She said, "We live together. We share the land, we share air, and we share water." "The more we communicate, the better our communities will live."

Zandberg is a busy person at home with a long list of things to do.

Israel acknowledged that it will not achieve the international goal of zero net emissions by 2050. It plans to reduce its emissions by at least 85% by then. Environmentalists blame the lack of political will from previous governments, as well as the dependence on newly discovered natural resources for energy to achieve the lower targets.

Zandberg stated that this figure was largely based on the situation inherited from previous governments. She said that Israel's high population growth is a problem. She said that while Israel is not meeting its renewable energy targets, the government is committed to helping the world achieve the zero-emissions goal through technology exports as well as domestically.

She stated, "That's our goal is to close that gap." "We are currently working on new climate legislation in Israel for the first time. We are currently working on a series of implementation plans to make the low-carbon economy governmental declaration a reality in all sectors of energy, transport, and agriculture. We are serious about this.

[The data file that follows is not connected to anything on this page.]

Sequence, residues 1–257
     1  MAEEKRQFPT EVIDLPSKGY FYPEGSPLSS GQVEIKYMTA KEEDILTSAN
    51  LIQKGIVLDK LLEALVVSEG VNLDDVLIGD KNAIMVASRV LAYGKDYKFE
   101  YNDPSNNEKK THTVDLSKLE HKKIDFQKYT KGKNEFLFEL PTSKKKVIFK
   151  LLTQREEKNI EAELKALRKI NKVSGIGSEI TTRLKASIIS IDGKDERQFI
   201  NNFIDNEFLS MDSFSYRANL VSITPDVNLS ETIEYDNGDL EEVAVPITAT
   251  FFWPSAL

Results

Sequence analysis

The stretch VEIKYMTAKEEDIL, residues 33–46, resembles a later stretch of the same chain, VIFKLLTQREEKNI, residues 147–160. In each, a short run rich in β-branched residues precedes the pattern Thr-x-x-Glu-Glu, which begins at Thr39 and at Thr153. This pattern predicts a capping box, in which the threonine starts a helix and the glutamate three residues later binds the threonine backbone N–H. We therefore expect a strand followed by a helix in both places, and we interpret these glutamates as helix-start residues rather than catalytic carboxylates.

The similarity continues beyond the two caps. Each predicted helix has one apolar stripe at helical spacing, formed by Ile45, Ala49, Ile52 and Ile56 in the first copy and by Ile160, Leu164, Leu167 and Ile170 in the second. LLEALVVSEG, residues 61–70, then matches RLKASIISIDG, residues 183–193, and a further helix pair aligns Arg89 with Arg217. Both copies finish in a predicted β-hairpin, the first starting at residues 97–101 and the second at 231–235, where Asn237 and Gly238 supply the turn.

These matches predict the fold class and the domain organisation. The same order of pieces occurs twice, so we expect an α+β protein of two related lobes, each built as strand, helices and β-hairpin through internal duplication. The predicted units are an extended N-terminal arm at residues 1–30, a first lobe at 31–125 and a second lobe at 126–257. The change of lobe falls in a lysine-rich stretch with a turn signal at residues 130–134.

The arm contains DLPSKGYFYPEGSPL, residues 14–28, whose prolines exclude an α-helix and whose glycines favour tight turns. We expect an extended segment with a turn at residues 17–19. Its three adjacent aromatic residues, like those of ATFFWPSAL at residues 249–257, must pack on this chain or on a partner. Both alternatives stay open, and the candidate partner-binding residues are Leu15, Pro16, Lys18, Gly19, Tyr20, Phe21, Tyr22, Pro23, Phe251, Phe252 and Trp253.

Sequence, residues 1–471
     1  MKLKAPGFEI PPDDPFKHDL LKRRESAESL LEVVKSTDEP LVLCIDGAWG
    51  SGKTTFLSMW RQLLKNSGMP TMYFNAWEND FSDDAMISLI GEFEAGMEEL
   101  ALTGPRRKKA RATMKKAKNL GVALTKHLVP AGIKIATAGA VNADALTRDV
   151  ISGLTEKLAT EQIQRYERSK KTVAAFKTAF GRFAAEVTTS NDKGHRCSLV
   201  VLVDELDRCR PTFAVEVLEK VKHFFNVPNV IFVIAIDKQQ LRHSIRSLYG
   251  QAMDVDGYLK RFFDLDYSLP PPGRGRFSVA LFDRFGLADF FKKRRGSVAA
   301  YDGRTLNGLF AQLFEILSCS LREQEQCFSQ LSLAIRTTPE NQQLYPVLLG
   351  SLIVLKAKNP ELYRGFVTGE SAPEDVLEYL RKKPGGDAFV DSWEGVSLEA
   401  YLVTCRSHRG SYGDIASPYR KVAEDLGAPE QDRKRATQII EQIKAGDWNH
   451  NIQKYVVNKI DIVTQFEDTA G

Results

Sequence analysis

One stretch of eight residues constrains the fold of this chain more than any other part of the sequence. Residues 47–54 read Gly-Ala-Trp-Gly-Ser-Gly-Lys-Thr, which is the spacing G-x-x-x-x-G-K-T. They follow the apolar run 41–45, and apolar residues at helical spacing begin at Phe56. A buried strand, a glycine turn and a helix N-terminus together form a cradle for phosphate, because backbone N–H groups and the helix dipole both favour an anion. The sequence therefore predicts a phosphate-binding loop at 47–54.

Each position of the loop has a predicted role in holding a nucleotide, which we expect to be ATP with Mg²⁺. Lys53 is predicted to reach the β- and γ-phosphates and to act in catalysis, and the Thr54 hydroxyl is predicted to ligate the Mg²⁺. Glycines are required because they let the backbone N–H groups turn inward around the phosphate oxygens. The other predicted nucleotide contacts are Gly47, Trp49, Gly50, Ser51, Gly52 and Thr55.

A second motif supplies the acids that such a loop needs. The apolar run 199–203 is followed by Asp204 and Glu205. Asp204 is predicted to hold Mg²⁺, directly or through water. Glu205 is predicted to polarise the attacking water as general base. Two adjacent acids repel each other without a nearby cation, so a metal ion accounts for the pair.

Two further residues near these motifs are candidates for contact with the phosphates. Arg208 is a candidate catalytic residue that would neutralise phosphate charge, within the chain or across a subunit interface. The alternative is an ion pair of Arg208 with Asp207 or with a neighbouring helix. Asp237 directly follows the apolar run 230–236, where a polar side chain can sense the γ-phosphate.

Other challenges exist. Slowly shrinking is the Dead Sea, a salty lake located at the lowest point on Earth. This is due to years of water diversion from Jordan River for drinking, agriculture, and damage by mineral-extraction firms. There are concerns that an oil spillage could result in the destruction of the Red Sea coral reefs. This is despite a secret oil pipeline agreement between Israel and the United Arab Emirates. These reefs are highly valued by scientists because they have a remarkable resilience to rising seas. Pollution and sewage are threatening water resources in Israel and the occupied West Bank.

Zandberg stated that her team is actively involved in negotiations to ensure Dead Sea factories, Israel's most polluting, address environmental concerns when licenses are renewed over the next years. She said that the government is currently reviewing the Israel-UAE pipeline. "We will voice our concerns during those discussions." Zandberg has been advocating for a new tax on single use plastics that will go into effect next year.

Gidon Bromberg is the Israeli director for EcoPeace. This environmental advocacy group has offices in Israel Jordan and the West Bank. He said that it was too early to evaluate Zandberg's performance. He said that Zandberg's appointment had raised hopes that Israel could finally address long-standing issues.

Bromberg stated that "we're in an extremely unique position where we can have a minister for environment who is extremely committed and wants to succeed." "You have an environment minister that is an environmentalist."

He said that her political skills and her relationship with Bennett will be key to her success. Bromberg stated that despite their differences, they seem to have a good relationship so far.

It's still early days. He said that the issues are huge.